This blog post is inspired by several videos on Youtube that I saw; this one in particular – where Youtuber lindseyrem shared what she learned at 19 years of age.
Without further ado, my own list, addressed to myself but hopefully something here resonates with you.
- Be your own biggest fan. In the quest and I suppose well founded expectation for loved ones to support your dreams, don’t forget yourself. As Craig Jarrow notes, “If you don’t believe in yourself, then no one else will. Don’t look to others to define your confidence, you get to make that for yourself”. 2. Don’t stay stuck in your comfort zone. As a previous mentor said ‘your comfort zone is only there for resting in’. Once you take a step out, it’s always there waiting for you so don’t be afraid to venture out. 3. Start to know your “why”. When it comes to the areas of life you value; be it education, faith, future career, you name it, look into the “why” behind them. Are you just going with the flow? Letting life happen? Living according to other people’s rules and expectations? Examine the reasons behind your actions, beliefs and goals.
4. Consistency is key. If you take the time out each day to work towards a specific goal you will achieve it. It will then come to the point where (fellow procrastinators can relate) you question whether actually following through on a task was a figment of your imagination or your reality.
When it turns out to be the latter, this confusion eventually wanes and hopefully acts as a heartwarming reminder that if you really want to you can.
5. Friends are important; friends you can laugh with, friends who add value to your life and friends you can be vulnerable with without fear of judgement.
6. It’s okay to be honest. When a friend asks for truthful advice, don’t hide under the sweet guise of a sugar coated reality. And as much as the truth hurts, wouldn’t you want the same?
7. Youtube is a goldmine for good advice. An example particularly fitting for this post is Youtuber’s Nneoma Ike’s video on surviving one’s 20s.
8. Keeping a journal is amazing. It’s a good way to stay on top of your emotions and an excellent way to turn tangled thoughts into a somewhat(though not always) coherent form. Check out more benefits of journaling here.
9. Sometimes you need to choose which emotions to acknowledge and which to ignore. e.g. Fear when it creeps in whispering about the comfort of hiding away in a corner and never actually acting on any of your goals because OMG they may never actually work out and so why put yourself out there in the first place right?
10) Self-pity is not the solution to your problems. Acknowledge your feelings but don’t wallow in them. There’s only so much a “run-away-from-all-your-problems” nap can do.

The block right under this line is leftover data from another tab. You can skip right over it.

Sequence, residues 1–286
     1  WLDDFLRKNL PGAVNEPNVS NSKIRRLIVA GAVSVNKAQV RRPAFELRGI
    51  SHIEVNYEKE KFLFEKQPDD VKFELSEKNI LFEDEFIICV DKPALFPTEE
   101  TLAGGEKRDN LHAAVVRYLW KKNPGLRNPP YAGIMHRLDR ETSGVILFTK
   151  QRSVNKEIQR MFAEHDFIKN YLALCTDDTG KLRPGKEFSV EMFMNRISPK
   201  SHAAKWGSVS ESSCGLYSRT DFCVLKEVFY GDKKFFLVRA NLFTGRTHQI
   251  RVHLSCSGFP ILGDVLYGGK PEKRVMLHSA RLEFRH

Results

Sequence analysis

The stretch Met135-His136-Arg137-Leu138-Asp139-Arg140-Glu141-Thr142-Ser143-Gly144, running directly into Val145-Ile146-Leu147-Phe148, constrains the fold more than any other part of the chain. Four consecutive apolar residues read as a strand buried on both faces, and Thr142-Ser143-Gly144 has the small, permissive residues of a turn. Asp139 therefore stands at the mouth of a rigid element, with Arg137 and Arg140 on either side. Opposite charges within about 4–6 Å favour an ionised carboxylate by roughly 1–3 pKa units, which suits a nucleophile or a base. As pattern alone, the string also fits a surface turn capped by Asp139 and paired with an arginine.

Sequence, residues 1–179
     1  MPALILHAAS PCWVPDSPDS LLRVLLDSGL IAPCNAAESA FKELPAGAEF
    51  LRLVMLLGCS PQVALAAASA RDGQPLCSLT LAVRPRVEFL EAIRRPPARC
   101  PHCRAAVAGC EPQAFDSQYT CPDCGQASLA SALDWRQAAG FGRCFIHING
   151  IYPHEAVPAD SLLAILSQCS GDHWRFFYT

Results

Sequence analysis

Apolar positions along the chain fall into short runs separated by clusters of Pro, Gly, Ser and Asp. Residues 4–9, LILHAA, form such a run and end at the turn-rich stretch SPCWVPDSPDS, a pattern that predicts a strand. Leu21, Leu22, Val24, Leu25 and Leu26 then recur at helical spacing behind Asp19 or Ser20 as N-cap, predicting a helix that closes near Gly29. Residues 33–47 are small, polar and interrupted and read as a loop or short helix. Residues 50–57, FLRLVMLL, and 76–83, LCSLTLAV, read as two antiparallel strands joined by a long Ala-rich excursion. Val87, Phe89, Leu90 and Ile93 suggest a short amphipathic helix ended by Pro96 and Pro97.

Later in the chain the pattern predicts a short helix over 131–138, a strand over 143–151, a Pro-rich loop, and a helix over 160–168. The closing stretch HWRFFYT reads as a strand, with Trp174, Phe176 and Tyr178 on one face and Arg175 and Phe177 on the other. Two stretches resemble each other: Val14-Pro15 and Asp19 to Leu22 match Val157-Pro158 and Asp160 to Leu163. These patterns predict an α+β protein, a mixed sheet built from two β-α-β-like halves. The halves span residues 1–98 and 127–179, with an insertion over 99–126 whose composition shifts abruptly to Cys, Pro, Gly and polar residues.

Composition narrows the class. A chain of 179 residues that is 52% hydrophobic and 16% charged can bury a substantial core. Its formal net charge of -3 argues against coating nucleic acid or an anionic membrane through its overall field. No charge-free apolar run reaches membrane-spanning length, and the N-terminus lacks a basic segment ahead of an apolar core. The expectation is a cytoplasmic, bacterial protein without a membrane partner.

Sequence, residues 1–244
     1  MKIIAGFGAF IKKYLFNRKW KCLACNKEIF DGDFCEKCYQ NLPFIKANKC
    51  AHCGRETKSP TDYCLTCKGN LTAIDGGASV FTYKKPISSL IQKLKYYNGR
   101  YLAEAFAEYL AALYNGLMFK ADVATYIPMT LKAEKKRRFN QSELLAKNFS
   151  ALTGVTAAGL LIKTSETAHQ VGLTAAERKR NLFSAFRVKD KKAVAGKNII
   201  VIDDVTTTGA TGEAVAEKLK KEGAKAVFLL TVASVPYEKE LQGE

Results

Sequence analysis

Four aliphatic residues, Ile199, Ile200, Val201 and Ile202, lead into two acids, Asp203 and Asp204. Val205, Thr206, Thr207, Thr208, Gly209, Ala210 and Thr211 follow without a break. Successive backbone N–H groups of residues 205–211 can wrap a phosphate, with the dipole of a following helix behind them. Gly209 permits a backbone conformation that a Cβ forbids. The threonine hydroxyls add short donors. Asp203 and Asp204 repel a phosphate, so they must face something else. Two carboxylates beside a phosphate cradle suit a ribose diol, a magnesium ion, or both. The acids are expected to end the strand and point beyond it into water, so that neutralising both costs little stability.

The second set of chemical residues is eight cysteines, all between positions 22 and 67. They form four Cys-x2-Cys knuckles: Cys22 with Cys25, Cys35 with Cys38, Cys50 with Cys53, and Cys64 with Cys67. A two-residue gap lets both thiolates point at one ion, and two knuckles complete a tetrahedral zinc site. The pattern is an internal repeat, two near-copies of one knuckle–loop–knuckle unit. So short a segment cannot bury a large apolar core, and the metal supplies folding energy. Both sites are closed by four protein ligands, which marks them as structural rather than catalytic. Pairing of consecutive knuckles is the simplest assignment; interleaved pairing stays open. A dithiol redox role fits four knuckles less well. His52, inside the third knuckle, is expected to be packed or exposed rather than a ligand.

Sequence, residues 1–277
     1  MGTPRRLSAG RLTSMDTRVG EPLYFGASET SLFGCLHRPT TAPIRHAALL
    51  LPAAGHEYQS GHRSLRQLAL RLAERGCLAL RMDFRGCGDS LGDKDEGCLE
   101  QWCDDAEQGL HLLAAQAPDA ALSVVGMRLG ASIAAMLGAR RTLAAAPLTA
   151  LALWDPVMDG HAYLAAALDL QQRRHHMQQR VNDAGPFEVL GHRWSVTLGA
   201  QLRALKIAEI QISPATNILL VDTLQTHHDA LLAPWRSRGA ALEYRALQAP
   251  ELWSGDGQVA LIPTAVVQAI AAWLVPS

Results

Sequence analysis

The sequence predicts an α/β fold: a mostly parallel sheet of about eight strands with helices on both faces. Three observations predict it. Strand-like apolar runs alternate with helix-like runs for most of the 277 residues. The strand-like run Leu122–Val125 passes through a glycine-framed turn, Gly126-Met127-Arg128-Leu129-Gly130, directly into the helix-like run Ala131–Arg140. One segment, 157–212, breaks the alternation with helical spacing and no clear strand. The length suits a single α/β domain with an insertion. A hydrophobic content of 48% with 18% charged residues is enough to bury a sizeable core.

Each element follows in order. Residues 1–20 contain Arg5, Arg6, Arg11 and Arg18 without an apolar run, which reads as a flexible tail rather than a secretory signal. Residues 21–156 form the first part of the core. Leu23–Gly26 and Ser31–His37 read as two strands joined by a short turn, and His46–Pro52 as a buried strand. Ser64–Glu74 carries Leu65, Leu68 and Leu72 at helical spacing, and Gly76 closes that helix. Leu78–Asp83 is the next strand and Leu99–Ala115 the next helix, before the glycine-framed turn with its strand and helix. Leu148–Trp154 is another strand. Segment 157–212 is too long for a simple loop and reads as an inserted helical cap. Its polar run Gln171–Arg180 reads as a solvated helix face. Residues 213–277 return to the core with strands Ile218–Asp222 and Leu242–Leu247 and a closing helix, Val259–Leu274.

11. MUSIC IS LIFE.
12. You don’t have to know exactly where your life is headed. What matters is the fact that yes you consider your future and begin to take steps in the right direction but don’t stress too much about the specifics. In a recent career meeting, my career advisor spoke of planned happenstance- a theory put forward by Professor John Krumboltz of Stanford University which states that “even if you don’t know exactly where your actions will lead, just by being active and doing the right kinds of things, great things can and will happen.”
13. You’ll probably always be a daydreamer; don’t fight it. As much as you may find yourself frustrated at your tendency to mind-wander, try and focus on turning the tangible daydreams into a reality as opposed to saying you’ll stop daydreaming all together.
14. Becoming self-aware and getting to know yourself is an ongoing process.
It took me thirty years and more to learn,
And I’m still learning who I really am.
-“Finding Myself” by Esther Spurrill Jones
(excerpt from https://writingcooperative.com/how-to-write-a-poem-got-rhythm-29c42cdb3ec0
15. The things which you deem to be negative about yourself (and feel compelled to change) cannot be changed overnight
16. Don’t take things too personally. From the people that read messages and don’t reply to the people that see you in public and all of a sudden become oh so fascinated by the tarmac on the floor. It’s probably not always a good idea to use such instances as a catalyst for impassioned self-interrogation. E.g. What did I do wrong? Are they mad at me etc. It’s not always about you and besides, you’ve probably done one or both of these things before. Keep it moving.
17. Own who you are. If you’re firm enough in the decisions you’ve made or in your truths, it’s harder for people to use them against you or attempt to belittle you. This goes hand in hand with accepting yourself as you are.
18. Care more about how you perceive the goals you’ve set for yourself rather than how other people perceive them. When you make your goals, they’re for you, not for other people’s critiques. You determine how valuable your goals are and are then able to modify (or not modify) them accordingly.
How To Actually Stop Caring: …the solution to being sensitive to what people think is NOT to care less… but to care more about what you think of yourself. The people who seem to “not care” the most are actually just firmly rooted in their own values.
19. Remember your mortality. Let it be your impetus to live a purposeful and fulfilling life.
20. You have so much you’re yet to experience. Even though you’re officially an ‘adult’, don’t feel any pressure to act differently. Take it day by day. Be patient. Just keep learning and growing as you enter what clinical psychologist, Dr Meg Jay, terms the ‘most important decade of your life’.